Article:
Work to return the historic Arlington Resort Hotel & Spa in Hot Springs to its former glory has progressed in ways that even casual passersby can’t help but notice. Crews are nearing their first full calendar year of bringing new life to the exterior of the nearly century-old building.
More work on the Arlington will roll into 2024, part of a $30 million facelift. Taking on a long list of overdue chores for the 11-story structure with 20 separate roof lines presented a new challenge for the Texas ownership group.
“We’ve renovated many a property, but there’s a big difference between a renovation and restoration,” said Scott Larsen, president of operations at Sky Capital Group Ltd. of San Antonio.
The arduous task became even more time consuming as the limited partnership waded into ownership of the biggest hotel in Arkansas.
After buying the mammoth fixer-upper for $7 million six years ago, Sky Capital Group stabilized structural safety issues inherited from the previous owners, the Monty Scott family.
With the aid of Cromwell Architects Engineers of Little Rock, Sky Capital formed a battle plan to wipe away years of neglect and bring the Arlington into the 21st century with updated grandeur.
But the pandemic upended the timetable, and the extensive restoration plan didn’t get rolling until 2022.
The restoration left sections of brightened exterior in its wake, a change that left a false impression of what was actually happening.
“There was a miscommunication that we were just painting the building,” Larsen said during a walking tour of the property.
Workers replaced and repaired damaged masonry and cleaned surfaces. Part of the process requires the painstaking removal of decorative tile from the hotel facade to get to the brick for full restoration.
Workers also stripped away old stucco to expose the brick to identify and fix problem areas. Cleaned and sealed, the brickwork was covered with eggshell-tinted stucco in a process requiring seven applications and curing for each layer.
“The building should’ve never been painted [the way it was],” Larsen said. “The wrong materials were used, and that led to deterioration and moisture problems.”
Sky Capital Group is renewing efforts to land state and federal tax credits to help fund the Arlington restoration after COVID-19 and a change in governor interrupted the process.
“We have our applications in on that, but to date we haven’t received anything yet,” Larsen said.
These days, the iconic property is serving as collateral for a five-year construction loan of $14.7 million from Arkansas Federal Credit Union in Little Rock and a 28-year loan of $2 million from the U.S. Small Business Administration. The property was secured by $5.6 million mortgages held by the sellers in 2017 and replaced two years later by U.S. Bank of Cincinnati.
The U.S. Bank mortgage was released after Sky Capital Group struck its funding agreement with the state’s largest credit union.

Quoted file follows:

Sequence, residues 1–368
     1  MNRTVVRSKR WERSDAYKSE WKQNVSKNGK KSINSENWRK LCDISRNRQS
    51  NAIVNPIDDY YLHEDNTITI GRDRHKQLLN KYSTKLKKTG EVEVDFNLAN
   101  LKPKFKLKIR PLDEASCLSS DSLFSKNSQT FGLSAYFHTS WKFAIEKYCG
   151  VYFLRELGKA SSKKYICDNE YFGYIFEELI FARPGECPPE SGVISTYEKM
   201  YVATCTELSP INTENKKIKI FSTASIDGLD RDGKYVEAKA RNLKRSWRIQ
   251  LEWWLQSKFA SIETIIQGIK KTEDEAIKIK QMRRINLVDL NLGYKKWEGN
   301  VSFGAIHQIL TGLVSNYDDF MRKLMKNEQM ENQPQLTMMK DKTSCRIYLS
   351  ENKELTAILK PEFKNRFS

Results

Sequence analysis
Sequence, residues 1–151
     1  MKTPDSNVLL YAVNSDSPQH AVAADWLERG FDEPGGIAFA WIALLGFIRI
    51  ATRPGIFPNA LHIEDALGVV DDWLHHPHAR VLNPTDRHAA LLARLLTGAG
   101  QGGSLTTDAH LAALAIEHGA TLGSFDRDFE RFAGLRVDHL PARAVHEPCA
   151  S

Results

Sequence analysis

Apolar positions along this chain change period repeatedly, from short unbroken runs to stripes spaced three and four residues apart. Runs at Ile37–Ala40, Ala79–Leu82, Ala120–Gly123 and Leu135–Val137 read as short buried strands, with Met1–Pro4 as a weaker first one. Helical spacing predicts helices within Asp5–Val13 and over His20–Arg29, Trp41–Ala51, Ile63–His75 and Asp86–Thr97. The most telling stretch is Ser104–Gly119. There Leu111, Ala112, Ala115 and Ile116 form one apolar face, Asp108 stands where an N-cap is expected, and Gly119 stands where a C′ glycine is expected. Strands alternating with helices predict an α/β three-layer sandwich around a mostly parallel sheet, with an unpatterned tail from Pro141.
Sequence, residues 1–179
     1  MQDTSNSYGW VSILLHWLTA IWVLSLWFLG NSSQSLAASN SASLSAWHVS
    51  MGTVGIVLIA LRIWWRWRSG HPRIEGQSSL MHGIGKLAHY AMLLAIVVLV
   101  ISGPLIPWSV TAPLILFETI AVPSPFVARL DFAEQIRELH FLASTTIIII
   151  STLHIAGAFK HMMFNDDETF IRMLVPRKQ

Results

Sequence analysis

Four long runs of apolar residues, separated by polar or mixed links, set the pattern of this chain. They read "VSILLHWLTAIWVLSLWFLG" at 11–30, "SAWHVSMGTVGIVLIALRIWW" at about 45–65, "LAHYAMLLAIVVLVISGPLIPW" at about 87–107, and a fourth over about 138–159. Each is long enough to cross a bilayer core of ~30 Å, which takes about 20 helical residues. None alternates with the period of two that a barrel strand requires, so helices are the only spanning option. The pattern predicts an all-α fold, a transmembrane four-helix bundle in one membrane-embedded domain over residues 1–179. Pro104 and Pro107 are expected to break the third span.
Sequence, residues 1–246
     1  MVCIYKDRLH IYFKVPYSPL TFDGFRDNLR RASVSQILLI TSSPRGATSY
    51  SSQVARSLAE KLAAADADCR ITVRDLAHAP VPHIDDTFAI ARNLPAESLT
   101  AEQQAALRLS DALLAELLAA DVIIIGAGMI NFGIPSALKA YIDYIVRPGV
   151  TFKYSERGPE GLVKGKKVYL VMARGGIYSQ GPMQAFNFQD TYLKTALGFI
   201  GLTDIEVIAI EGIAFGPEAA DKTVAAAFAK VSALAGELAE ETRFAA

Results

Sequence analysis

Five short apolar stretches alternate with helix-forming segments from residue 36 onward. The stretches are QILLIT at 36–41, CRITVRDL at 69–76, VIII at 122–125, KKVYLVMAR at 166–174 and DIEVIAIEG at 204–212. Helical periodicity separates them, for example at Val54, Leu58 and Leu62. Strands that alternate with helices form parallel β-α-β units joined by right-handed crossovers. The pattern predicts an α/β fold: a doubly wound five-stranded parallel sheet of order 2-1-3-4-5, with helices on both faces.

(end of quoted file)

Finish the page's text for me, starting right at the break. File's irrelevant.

Finished & Unfinished
Among last year’s completed list are the twin towers topping the hotel’s Mediterranean design and the new custom-cut steps for the stately ascent to the main entrance from the corner of Central Avenue and Fountain Street.
The movement of exterior restoration work and scaffolding has nearly made a circuit around the hotel.
Crews are working counter-clockwise to prep rooms for window work, remove the old windows, install the new ones and finish and paint.
Larsen reckons the race to replace all 968 windows with double-paned lookalikes is 75% finished.
“We’ve been averaging about 50 new windows every two weeks,” he said. “We hope to be done with windows by February.”
Less noticeable are the new chiller and cooling tower added to the hotel roof in March 2022.
The removal of the old equipment and installation of the new was a nearly two-week process that required a crane with a 250-foot span that could handle an 8-ton load.
“That’s a million-dollar project that people don’t see,” Larsen said.
While the finish line is within sight for completing the work outside, significant work remains for the interior.
Redoing all the plumbing and installing new bathroom fixtures for a guest room count of more than 400 are among the tasks. A seamstress is on site cranking out new curtains for every room.
A notable item no longer on the to-do list inside is the ceiling restoration for the grand Venetian Dining Room, a five-month project.
Even as more work shifts indoors, the phased battle plan remains intact to stay open for business while pushing forward. “We’ve stayed operational through the whole thing,” Larsen said.
On his wish list is completing all restoration work on an amenity gracing the front of the hotel, an observation deck with views of Central Avenue, the line of magnolias along the south side of Fountain Street and the literal hot springs park adjoining Bathhouse Row beyond.
“I want the veranda ready to go by spring, so people can appreciate it again for what it’s been all these years,” Larsen said.